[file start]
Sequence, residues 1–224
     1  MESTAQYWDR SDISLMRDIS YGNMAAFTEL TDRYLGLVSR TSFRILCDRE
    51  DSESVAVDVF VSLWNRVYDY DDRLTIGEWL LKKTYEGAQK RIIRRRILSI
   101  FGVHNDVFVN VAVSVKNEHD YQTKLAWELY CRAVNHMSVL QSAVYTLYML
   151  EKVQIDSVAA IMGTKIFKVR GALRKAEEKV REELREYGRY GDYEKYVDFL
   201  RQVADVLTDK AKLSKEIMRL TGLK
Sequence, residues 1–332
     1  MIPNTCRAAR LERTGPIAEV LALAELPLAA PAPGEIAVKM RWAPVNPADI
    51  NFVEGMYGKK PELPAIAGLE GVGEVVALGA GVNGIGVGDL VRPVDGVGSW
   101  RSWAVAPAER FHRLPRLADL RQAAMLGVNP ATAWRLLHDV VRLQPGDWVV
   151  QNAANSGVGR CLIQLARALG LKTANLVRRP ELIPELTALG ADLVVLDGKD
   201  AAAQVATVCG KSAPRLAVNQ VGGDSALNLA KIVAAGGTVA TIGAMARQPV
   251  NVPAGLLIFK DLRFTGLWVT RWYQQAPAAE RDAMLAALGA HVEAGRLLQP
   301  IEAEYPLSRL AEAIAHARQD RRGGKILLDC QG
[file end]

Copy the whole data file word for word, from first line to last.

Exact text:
Sequence, residues 1–224
     1  MESTAQYWDR SDISLMRDIS YGNMAAFTEL TDRYLGLVSR TSFRILCDRE
    51  DSESVAVDVF VSLWNRVYDY DDRLTIGEWL LKKTYEGAQK RIIRRRILSI
   101  FGVHNDVFVN VAVSVKNEHD YQTKLAWELY CRAVNHMSVL QSAVYTLYML
   151  EKVQIDSVAA IMGTKIFKVR GALRKAEEKV REELREYGRY GDYEKYVDFL
   201  RQVADVLTDK AKLSKEIMRL TGLK
Sequence, residues 1–332
     1  MIPNTCRAAR LERTGPIAEV LALAELPLAA PAPGEIAVKM RWAPVNPADI
    51  NFVEGMYGKK PELPAIAGLE GVGEVVALGA GVNGIGVGDL VRPVDGVGSW
   101  RSWAVAPAER FHRLPRLADL RQAAMLGVNP ATAWRLLHDV VRLQPGDWVV
   151  QNAANSGVGR CLIQLARALG LKTANLVRRP ELIPELTALG ADLVVLDGKD
   201  AAAQVATVCG KSAPRLAVNQ VGGDSALNLA KIVAAGGTVA TIGAMARQPV
   251  NVPAGLLIFK DLRFTGLWVT RWYQQAPAAE RDAMLAALGA HVEAGRLLQP
   301  IEAEYPLSRL AEAIAHARQD RRGGKILLDC QG